Questions tagged [real-numbers]

For questions about $\mathbb{R}$, the field of real numbers. Often used in conjunction with the real-analysis tag.

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42k views

Is it true that $0.999999999\dots=1$?

I'm told by smart people that $$0.999999999\dots=1$$ and I believe them, but is there a proof that explains why this is?
16k views

Is an automorphism of the field of real numbers the identity map?

Is an automorphism of the field of real numbers $\mathbb{R}$ the identity map? If yes, how can we prove it? Remark An automorphism of $\mathbb{R}$ may not be continuous.
19k views

Induction on Real Numbers

One of my Fellows asked me whether total induction is applicable to real numbers, too ( or at least all real numbers ≥ 0) . We only used that for natural numbers so far. Of course you have to change ...
12k views

Completion of rational numbers via Cauchy sequences

Can anyone recommend a good self-contained reference for completion of rationals to get reals using Cauchy sequences?
5k views

Does $1.0000000000\cdots 1$ with an infinite number of $0$ in it exist?

Does $1.0000000000\cdots 1$ (with an infinite number of $0$ in it) exist?
632 views

Providing that: $\lim\limits_{n\to\infty} \left(\frac{a^{\frac{1}{n}}+b^{\frac{1}{n}}}{2}\right)^n =\sqrt{ab}$

Let $a$ and $b$ be positive reals. Show that $$\lim\limits_{n\to\infty} \left(\frac{a^{\frac{1}{n}}+b^{\frac{1}{n}}}{2}\right)^n =\sqrt{ab}$$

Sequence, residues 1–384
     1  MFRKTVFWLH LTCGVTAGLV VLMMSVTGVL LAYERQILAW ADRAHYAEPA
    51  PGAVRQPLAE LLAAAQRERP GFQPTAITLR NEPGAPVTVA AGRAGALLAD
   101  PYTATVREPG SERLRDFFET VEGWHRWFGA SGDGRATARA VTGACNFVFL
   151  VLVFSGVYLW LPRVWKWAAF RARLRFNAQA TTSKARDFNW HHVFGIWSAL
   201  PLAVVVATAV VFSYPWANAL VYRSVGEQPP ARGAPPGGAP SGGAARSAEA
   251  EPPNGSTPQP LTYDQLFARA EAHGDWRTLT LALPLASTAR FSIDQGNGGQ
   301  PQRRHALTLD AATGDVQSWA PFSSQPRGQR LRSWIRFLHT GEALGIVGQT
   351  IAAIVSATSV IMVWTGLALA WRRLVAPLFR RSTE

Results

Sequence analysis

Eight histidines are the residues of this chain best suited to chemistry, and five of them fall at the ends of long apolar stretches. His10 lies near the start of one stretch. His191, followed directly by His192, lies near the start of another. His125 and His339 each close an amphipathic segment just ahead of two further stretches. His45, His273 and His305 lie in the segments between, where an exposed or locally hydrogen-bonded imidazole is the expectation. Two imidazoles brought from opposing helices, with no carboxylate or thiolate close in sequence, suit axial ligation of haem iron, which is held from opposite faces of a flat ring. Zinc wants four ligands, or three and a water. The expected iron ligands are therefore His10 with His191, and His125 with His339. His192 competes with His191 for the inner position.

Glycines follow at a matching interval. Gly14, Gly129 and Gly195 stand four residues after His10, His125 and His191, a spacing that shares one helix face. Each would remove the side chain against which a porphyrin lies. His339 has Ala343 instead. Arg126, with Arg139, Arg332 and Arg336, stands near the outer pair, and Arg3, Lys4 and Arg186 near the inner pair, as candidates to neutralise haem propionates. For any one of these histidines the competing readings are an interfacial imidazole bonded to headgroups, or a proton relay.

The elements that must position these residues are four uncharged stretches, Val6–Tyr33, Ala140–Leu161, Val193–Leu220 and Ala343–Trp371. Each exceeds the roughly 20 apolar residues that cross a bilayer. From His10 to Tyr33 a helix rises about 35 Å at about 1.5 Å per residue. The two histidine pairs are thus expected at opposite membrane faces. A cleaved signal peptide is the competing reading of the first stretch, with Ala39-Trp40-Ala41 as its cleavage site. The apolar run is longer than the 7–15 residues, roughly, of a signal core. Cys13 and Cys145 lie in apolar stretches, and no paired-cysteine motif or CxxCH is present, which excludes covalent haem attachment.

6k views

Do we really need reals?

It seems to me that the set of all numbers really used by mathematics and physics is countable, because they are defined by means of a finite set of symbols and, eventually, by computable functions. ...
952 views

What is $\operatorname{Aut}(\mathbb{R},+)$?

I was solving some exercises about automorphisms. I was able to show that $\operatorname{Aut}(\mathbb{Q},+)$ is isomorphic to $\mathbb{Q}^{\times}$. The isomorphism is given by $\Psi(f)=f(1)$, but ...
426 views

After removing any part the rest can be split evenly. Consequences?

Let $S$ be a finite collection of real numbers not necessarily distinct . If any element of $S$ is removed then the remaining real numbers can be divided into two collections with same size and same ...
821 views

Definable real numbers

Reading this Wikipedia page I found this definition: A real number $a$ is first-order definable in the language of set theory, without parameters, if there is a formula $\phi$ in the language ...
7k views

Why are integers subset of reals?

In most programming languages, integer and real (or float, rational, whatever) types are usually disjoint; 2 is not the same as 2.0 (although most languages do an automatic conversion when necessary). ...
5k views

Is “$a + 0i$” in every way equal to just “$a$”?

I'm having a little argument with my friend. He says that "$a + 0i$" is, in every way, absolutely equal to "$a$" (e.g.: $2 + 0i = 2$). I say this is practically the case, so in every calculation you ...
29k views

Can a complex number ever be considered 'bigger' or 'smaller' than a real number, or vice versa?

I've always had this doubt. It's perfectly reasonable to say that, for example, 9 is bigger than 2. But does it ever make sense to compare a real number and a complex/imaginary one? For example, ...